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THE WRITING ON (AND OFF) THE WALL THE OTHER HALL PASADENA GROUP HONORS ITS OWN LIST OF BASEBALL'S GREATS.

Byline: TOM HOFFARTH

PASADENA - If only because of his nickname, ``Shoeless Joe'' Jackson would have probably loved running barefoot around Southern California. After this weekend, he'd enjoy it even more knowing he's part of the permanent landscape.

What Cooperstown doesn't want, Tinseltown embraces. So just hours after the Baseball Hall of Fame does its production by putting up the plaque of former St. Louis Cardinals shortstop Ozzie Smith, the Baseball Reliquary's Shrine of the Eternals will give Jackson, stuck 50 years after his death with a lifetime ban from major-league baseball, a lifetime membership.

It's no joke, no publicity stunt, not even a great big media event.

Although the Pasadena-based group of eclectic baseball fanatics has yet to erect a real display room for its heroes, it has voted in Jackson, a .356 lifetime hitter who might never get inducted into the game's ``real'' hallowed halls because of his alleged role in the fixing of the 1919 World Series.

So, at the seating-is-limited Pasadena Central Library at 2 p.m. Sunday, anyone interested can come see the ceremony that makes Jackson, former Chicago White Sox great Minnie Minoso (there in person) and former Detroit Tigers pitcher Mark Fidrych the Shrine's fourth class of electees.

``Clearly, there's a general feeling on behalf of our members that regardless if he's been implicated or not, that was 75 years ago and Shoeless Joe has had enough banishment,'' said Terry Cannon, the Reliquary's founder and executive director since its inception in 1996.

Mike Nola, an authority on Jackson's career who was given permission by Jackson's relatives to fly in from Florida to accept the induction on his behalf, couldn't agree more.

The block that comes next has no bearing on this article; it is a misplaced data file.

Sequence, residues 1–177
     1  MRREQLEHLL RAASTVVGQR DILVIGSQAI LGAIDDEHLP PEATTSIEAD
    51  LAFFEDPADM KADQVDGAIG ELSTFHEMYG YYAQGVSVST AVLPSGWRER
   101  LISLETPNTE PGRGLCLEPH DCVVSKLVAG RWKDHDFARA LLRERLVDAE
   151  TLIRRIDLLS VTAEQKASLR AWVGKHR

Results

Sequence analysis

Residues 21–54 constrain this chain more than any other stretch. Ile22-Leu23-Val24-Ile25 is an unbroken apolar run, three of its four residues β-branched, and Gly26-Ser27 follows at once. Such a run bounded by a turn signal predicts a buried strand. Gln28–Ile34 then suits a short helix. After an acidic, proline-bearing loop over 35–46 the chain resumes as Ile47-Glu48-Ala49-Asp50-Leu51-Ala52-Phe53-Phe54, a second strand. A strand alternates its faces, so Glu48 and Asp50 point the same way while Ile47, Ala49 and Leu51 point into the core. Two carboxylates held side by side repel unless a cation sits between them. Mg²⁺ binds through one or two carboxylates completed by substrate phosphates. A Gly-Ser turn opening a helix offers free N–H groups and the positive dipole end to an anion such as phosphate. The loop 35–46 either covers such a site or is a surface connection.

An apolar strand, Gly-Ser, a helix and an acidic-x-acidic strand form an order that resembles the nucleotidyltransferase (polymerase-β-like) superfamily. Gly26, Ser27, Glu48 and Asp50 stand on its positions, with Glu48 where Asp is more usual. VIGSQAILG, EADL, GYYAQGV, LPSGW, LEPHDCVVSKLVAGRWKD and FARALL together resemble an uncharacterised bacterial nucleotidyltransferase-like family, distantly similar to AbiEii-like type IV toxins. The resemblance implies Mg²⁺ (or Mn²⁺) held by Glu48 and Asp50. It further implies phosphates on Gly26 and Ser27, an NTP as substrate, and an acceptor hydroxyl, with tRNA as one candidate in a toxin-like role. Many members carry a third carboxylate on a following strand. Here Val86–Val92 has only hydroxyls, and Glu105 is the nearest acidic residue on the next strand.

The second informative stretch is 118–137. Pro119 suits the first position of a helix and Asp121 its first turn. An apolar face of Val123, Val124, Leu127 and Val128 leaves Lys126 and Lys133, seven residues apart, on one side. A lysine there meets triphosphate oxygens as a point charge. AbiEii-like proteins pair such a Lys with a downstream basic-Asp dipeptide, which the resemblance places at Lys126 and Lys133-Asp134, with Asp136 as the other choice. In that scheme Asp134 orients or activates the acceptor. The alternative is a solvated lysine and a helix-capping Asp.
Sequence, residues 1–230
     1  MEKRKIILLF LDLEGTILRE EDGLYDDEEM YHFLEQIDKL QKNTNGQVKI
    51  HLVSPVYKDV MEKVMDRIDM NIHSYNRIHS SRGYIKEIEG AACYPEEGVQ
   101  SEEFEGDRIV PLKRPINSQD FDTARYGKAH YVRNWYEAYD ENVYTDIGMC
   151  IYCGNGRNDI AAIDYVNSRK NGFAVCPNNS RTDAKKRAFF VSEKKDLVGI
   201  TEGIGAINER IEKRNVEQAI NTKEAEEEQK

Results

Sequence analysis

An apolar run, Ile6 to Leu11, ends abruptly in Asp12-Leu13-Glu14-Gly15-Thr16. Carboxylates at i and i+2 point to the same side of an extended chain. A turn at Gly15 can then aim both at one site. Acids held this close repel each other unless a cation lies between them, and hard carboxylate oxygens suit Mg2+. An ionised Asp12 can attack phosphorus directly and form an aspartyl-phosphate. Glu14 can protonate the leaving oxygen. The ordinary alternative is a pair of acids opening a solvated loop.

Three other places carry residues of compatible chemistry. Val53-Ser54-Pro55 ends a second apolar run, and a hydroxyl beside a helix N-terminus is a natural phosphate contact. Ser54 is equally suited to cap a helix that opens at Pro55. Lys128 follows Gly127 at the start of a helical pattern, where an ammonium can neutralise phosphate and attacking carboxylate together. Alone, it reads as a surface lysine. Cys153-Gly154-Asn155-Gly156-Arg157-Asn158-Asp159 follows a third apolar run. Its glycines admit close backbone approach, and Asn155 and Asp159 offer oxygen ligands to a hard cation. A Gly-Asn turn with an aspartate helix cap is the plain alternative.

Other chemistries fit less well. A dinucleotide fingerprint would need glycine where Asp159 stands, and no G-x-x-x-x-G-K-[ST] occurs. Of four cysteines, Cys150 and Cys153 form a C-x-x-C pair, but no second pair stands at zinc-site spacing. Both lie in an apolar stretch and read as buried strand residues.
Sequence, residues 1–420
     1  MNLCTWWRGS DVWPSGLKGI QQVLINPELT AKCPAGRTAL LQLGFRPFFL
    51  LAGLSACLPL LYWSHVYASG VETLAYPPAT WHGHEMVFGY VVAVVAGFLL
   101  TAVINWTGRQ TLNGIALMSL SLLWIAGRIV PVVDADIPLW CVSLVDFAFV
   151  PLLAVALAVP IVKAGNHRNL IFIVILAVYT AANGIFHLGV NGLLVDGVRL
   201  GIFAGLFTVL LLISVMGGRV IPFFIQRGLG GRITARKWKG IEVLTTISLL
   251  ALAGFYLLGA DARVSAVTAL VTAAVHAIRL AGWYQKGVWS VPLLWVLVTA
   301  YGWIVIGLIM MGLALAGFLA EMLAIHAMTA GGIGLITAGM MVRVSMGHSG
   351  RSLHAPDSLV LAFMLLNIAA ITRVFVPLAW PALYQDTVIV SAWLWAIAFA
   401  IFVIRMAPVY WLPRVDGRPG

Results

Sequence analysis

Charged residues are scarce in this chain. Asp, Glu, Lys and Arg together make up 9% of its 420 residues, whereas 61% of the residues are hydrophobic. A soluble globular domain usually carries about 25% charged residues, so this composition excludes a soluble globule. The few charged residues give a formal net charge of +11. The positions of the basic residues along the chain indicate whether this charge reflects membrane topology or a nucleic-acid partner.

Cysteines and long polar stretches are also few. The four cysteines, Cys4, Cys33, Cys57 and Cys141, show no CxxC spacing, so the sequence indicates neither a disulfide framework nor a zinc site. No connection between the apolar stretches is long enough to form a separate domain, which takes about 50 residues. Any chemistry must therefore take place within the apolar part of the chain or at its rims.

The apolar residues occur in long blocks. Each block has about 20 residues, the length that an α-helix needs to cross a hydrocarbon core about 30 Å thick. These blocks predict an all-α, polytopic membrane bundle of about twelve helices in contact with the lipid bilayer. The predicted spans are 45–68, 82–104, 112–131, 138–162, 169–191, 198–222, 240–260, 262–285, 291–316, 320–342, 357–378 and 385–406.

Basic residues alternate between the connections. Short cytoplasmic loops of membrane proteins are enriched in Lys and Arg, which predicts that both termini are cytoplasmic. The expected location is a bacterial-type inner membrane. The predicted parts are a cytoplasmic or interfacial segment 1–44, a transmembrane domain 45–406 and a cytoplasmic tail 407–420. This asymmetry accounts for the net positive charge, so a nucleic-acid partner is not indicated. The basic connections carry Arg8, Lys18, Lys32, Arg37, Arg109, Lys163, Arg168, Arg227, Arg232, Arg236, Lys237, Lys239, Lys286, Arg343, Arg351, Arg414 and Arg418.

``I believe Terry and his group are doing a good thing for the game, and any honor Joe receives, the harder it will be for commissioner (Bud) Selig to continue to ignore us,'' said Nola, who also maintains the Jackson official Web site (www.blackbetsy.com) and is involved in the Shoeless Joe Jackson Society.

Both Cannon and Nola can recite plenty of evidence about Jackson's innocence in that Black Sox Scandal that nearly shut down the game. But the on-going campaign to have Jackson's ban lifted and get him voted into Cooperstown - a movement that involved Ted Williams until his dying days - has yet to sway any members with the Hall of Fame Committee.

Maybe it's just another reason, Cannon said, the Reliquary serves an important purpose in these dreaded times of strike talk, contraction and deadlocked All-Star games.

Although one could easily call this a Hall of Characters based on the current enrollment, Cannon views it more as a place where anyone can find the essence of the game again.

``Some have called us the `Left Coast Hall' or `The People's Hall,' but we're putting every bit of effort to make it a unique alternative and complement to Cooperstown,'' said Cannon, a 48-year-old who runs his own publishing company in Pasadena. ``It's a fan-based group, started by fans and exists for the fans to provide an outlet and a way to interpret history from the fans. We all know history handed (out) by the establishment, and fans don't seem to have too much input.

``That's why we were formed and why the Shrine of the Eternals honors those who have made significant and lasting contributions.''

That, too, can be debated. On the ballot of 50 names mailed out to the 200 members this past spring, there was Sidd Finch, the fictitious player made real by author George Plimpton in an April Fool's prank for Sports Illustrated; Fritz Peterson and Mike Kekich, members of the New York Yankees in the '60s who swapped wives, and Dave Pallone, an openly gay umpire.